Users benefit from Internet delivery of transaction-based services, said Spatial’s vice president of interoperability and corporate fellow, Doug Hakala. The site makes it simple to upload models. Users do not have to stay connected while their files are translated. Most important of all, especially for the small and medium-sized firms Spatial hopes to serve, customers do not have to invest in multiple CAD software, translation programs, or workstations.
On the other hand, technical benefits accrue because all software and hardware stay in Spatial’s hands. Most importantly, Spatial is able to upgrade its software continuously.
One of the big problems in translation is that there’s an awful lot of art as well as science,” Morgan said.
Morgan 1S realistic about the service. “We’re not claiming it works 100 percent of the time, or that it works 100 percent on every model,” he said. “An awful lot of the time, it works great and all the time it works somewhat. If customers don’t like the result, they don’t pay for it.”
The site opened for business in October 1999, offering translation and healing of models based on IGES and SAT (Spatial’s 3-D CAD engine format). It added capabilities for STEP and beta translators for CATIA and Pro/Engineer in December. Additional CAD formats will follow in 2000.
CADKey is one of several vendors that sell CAD systems based on Spatial’s ACIS engine. An engine, in this case, is the core algorithms that model the design.
CADKey has combined some of Spatial’s translation and healing powers with its own proprietary technology. Bean, the company’s president, argues that the resulting system can import STEP files from CATIA, Pro/Engineer, and other high-end software, and manipulate them as if they were native files because they are all reduced to geometry.
STEP filters out intelligence in high-end CAD files, especially parametric data, and translates files as pure geometry and topology. Pure geometry is CADKey’s native format.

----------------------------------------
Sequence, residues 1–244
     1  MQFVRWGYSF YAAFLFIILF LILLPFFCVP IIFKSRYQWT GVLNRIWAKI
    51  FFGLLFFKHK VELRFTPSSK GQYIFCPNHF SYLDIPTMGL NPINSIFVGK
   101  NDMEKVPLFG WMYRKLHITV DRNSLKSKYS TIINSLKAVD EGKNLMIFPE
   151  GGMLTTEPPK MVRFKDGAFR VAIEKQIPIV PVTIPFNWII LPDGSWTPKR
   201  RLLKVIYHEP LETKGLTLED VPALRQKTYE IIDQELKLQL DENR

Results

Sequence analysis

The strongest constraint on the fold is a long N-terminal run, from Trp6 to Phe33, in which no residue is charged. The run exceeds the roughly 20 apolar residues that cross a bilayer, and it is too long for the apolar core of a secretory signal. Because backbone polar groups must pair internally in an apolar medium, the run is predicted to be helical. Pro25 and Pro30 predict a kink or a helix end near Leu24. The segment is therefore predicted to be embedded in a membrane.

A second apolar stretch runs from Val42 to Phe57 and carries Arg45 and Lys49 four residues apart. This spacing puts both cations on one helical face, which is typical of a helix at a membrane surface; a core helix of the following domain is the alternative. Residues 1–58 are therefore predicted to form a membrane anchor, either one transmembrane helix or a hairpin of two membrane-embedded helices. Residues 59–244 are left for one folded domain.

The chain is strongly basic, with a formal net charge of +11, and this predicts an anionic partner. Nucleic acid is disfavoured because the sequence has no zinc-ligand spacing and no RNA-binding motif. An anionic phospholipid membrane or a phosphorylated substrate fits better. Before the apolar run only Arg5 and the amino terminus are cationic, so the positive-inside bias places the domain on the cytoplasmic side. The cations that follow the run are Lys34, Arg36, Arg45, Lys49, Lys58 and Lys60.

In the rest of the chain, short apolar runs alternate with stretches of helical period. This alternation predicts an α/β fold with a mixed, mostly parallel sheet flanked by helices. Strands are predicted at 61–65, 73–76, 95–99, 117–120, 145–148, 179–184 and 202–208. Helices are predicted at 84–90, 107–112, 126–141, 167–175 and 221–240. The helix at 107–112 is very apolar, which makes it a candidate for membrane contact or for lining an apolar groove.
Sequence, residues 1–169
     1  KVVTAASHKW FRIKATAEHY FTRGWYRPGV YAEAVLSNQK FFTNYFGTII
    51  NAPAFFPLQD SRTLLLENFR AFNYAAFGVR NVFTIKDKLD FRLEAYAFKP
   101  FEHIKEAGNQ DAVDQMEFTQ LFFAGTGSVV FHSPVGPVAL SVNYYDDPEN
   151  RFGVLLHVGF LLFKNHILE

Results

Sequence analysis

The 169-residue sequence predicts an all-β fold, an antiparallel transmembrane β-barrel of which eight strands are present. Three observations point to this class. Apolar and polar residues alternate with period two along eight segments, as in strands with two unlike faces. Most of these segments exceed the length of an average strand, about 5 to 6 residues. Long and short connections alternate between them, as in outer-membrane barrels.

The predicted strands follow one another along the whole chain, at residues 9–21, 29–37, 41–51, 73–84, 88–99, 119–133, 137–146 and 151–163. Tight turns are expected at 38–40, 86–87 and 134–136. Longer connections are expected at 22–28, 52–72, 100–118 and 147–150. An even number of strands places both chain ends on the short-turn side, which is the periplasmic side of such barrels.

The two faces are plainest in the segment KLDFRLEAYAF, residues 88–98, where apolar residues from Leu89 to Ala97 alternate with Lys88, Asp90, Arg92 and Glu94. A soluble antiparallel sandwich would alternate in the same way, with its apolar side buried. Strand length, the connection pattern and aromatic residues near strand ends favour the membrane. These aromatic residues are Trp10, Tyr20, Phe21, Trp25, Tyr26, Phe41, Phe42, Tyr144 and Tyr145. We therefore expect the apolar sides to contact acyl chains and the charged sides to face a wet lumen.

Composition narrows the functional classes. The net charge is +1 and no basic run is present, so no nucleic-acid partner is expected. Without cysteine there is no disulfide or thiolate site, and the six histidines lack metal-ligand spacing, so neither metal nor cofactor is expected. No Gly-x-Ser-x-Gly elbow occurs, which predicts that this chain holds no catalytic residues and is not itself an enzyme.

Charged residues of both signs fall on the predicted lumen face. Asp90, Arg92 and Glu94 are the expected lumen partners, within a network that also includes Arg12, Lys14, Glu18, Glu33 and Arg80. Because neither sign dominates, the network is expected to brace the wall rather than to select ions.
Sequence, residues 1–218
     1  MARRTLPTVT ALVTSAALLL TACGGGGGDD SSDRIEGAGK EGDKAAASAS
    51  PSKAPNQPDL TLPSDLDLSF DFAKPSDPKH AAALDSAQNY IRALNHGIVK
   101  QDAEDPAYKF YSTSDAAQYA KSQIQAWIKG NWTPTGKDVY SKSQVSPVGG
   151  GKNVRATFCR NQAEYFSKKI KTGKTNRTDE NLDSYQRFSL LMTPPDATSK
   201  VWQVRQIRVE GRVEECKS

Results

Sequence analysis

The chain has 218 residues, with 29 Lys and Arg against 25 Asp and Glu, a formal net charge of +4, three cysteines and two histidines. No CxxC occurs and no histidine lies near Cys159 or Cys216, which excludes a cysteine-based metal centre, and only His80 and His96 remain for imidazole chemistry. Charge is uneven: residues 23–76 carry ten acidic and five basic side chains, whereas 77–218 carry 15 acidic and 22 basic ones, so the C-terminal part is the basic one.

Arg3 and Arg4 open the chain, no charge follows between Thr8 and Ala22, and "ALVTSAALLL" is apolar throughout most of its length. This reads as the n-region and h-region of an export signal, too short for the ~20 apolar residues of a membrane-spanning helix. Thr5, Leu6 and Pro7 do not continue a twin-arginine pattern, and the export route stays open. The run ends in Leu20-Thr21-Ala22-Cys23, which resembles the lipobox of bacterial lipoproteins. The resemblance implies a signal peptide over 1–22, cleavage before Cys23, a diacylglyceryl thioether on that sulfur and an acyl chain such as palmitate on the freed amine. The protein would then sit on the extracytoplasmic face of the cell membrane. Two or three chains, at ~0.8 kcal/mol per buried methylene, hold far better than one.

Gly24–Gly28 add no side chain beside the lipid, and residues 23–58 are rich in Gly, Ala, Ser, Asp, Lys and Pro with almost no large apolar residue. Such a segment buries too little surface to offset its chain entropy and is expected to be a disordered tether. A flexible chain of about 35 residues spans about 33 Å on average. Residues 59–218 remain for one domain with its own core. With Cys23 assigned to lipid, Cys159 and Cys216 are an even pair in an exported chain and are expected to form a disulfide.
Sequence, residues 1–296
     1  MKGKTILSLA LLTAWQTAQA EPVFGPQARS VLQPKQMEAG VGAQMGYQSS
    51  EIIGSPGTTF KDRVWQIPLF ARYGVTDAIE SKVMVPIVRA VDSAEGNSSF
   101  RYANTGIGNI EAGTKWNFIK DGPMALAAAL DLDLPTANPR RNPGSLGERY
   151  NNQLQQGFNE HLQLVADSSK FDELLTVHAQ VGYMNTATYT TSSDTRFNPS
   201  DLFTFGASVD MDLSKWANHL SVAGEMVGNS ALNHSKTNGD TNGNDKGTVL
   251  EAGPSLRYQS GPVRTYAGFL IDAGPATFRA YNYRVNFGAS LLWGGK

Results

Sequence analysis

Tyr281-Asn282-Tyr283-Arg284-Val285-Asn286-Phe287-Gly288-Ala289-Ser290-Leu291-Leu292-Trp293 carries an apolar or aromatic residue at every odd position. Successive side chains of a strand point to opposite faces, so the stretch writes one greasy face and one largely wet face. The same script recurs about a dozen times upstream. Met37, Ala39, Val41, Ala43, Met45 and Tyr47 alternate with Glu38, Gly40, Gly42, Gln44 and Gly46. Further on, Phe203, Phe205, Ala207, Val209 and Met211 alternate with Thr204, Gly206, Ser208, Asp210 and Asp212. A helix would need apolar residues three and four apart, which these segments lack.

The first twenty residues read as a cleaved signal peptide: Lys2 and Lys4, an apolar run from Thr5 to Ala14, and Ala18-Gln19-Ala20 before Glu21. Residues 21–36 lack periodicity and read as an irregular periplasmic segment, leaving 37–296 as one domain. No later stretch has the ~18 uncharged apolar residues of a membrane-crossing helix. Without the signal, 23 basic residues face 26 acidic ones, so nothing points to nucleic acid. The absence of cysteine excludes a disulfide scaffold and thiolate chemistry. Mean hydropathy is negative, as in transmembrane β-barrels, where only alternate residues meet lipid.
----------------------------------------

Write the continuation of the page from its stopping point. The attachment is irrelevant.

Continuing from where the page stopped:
“If someone exports a solid as a STEP file from Pro/Engineer, we can operate on that solid though we use different editing techniques in CADKey than those found in the original editing tool,” Bean said. “CADKey doesn’t know if you imported or created it. You can manipulate it as if it were created natively.”
Bean thinks interoperability is a way to differentiate CADKey from other companies vying for the desktops of small and medium-size manufacturers.
“We’re intended to be used by the masses,” he said. “Our users are Tier 3 guys. They can’t afford to buy all these systems from companies they do business with. With us, they can read any STEP or IGES file and work on it.”
CAD developers are discovering a demand for more interoperable programs. Private developers are rushing into the breach with a variety of programs that enable users to begin managing translation and healing. Stan-dards-setting bodies are looking to include more parametric data in STEP.
It’s certainly a step in the right direction—and one that may eventually allow companies and their collaborators, customers, and suppliers to work together to design, analyze, simulate, test, manufacture, and assemble products electronically before anyone bends the first piece of metal. This is, after all, the promise of CAD.